|Publication number||US7818969 B1|
|Application number||US 12/641,626|
|Publication date||Oct 26, 2010|
|Filing date||Dec 18, 2009|
|Priority date||Dec 18, 2009|
|Also published as||CA2720193A1, CA2720193C, DE112010004880T5, US8047006, US20110146295, US20120006036, WO2011075376A1|
|Publication number||12641626, 641626, US 7818969 B1, US 7818969B1, US-B1-7818969, US7818969 B1, US7818969B1|
|Original Assignee||Energyield, Llc, John L. Rogitz|
|Export Citation||BiBTeX, EndNote, RefMan|
|Patent Citations (111), Referenced by (3), Classifications (14), Legal Events (2) |
|External Links: USPTO, USPTO Assignment, Espacenet|
Enhanced efficiency turbine
US 7818969 B1
Hydrocarbon fuel is sent to a reformer, which produces carbon and hydrogen. The hydrogen is sent to a fuel cell which uses it to generate electricity, and the electricity is used to actuate an electric motor that is coupled to an output shaft of a turbine to impart torque to the shaft. Additionally, hydrocarbon fuel can be provided to the turbine intake directly and/or carbon from the reformer can be mixed with steam from the fuel cell and sent to the turbine intake, in either case to impinge on the turbine blades and impart further torque to the output shaft.
1. A system comprising:
at least one reformer assembly receiving hydrocarbon fuel and outputting hydrogen from a first output and product depleted of hydrogen from a second output separate from the first output outputting hydrogen;
at least one fuel cell receiving hydrogen from the first output of the reformer but not being connected to the second output of the reformer, the fuel cell providing a first energy output and an output of water vapor;
the water vapor being mixed with product from the second output of the reformer to provide a mixture;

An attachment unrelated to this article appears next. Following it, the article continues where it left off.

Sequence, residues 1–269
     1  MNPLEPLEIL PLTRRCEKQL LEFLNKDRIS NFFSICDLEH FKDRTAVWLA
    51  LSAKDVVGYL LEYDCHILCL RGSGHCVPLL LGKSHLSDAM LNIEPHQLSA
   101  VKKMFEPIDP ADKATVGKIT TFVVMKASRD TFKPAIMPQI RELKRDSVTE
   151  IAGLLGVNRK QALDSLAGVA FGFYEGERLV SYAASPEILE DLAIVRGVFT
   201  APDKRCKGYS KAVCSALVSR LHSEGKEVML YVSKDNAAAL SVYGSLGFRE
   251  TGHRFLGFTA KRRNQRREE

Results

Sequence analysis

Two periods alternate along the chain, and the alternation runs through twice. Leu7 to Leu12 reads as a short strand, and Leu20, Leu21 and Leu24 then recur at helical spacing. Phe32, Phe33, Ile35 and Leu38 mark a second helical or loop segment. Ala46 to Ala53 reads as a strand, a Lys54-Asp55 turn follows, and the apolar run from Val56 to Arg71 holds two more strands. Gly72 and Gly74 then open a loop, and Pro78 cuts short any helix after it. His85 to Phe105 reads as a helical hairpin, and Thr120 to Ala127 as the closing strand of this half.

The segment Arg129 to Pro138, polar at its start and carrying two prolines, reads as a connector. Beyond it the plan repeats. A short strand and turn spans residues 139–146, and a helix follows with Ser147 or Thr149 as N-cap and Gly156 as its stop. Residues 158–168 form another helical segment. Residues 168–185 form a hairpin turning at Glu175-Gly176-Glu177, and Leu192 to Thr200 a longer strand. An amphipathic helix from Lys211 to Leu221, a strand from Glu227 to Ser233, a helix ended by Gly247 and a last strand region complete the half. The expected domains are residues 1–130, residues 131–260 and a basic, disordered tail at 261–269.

the mixture being mixed with fuel and directed to a turbine and combusting to impart torque to the turbine;
the first energy output of the fuel cell also being used to impart torque to the output shaft of the turbine.
2. The system of claim 1, wherein the mixture further includes a surfactant.
3. The system of claim 1, wherein the output shaft of the turbine is coupled to a generator to cause the generator to output electricity when the output shaft is rotated.
4. The system of claim 1, wherein the turbine propels a vehicle to move.
5. The system of claim 1, wherein the first energy output of the fuel cell is connected to an electric motor and the electric motor is coupled to a rotor coupling of the turbine, the first energy output actuating the electric motor.
6. The system of claim 1, wherein the hydrocarbon fuel is provided to an intake of the turbine in addition to being provided to the reformer.
7. The system of claim 1, wherein the fuel cell is electrically connected to a turbine ignition component to provide ignition energy thereto.
8. A system comprising:
at least one turbine including an output shaft;
at least one fuel cell providing output that is coupled to the turbine so as to impart torque to the output shaft;
at least one reformer receiving hydrocarbon fuel and outputting from a first output a stream of hydrogen and from a second output a stream of product depleted of hydrogen separate from the stream of hydrogen;